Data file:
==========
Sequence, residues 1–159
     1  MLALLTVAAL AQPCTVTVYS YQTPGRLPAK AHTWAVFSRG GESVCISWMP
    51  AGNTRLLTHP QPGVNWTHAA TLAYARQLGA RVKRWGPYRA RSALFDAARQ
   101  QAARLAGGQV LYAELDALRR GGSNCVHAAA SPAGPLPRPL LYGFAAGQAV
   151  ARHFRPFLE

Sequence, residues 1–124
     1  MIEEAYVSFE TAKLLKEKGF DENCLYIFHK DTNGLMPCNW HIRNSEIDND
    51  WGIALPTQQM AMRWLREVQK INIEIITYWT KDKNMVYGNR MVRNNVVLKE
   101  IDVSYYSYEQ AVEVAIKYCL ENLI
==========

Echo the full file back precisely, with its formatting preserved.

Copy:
Sequence, residues 1–159
     1  MLALLTVAAL AQPCTVTVYS YQTPGRLPAK AHTWAVFSRG GESVCISWMP
    51  AGNTRLLTHP QPGVNWTHAA TLAYARQLGA RVKRWGPYRA RSALFDAARQ
   101  QAARLAGGQV LYAELDALRR GGSNCVHAAA SPAGPLPRPL LYGFAAGQAV
   151  ARHFRPFLE

Sequence, residues 1–124
     1  MIEEAYVSFE TAKLLKEKGF DENCLYIFHK DTNGLMPCNW HIRNSEIDND
    51  WGIALPTQQM AMRWLREVQK INIEIITYWT KDKNMVYGNR MVRNNVVLKE
   101  IDVSYYSYEQ AVEVAIKYCL ENLI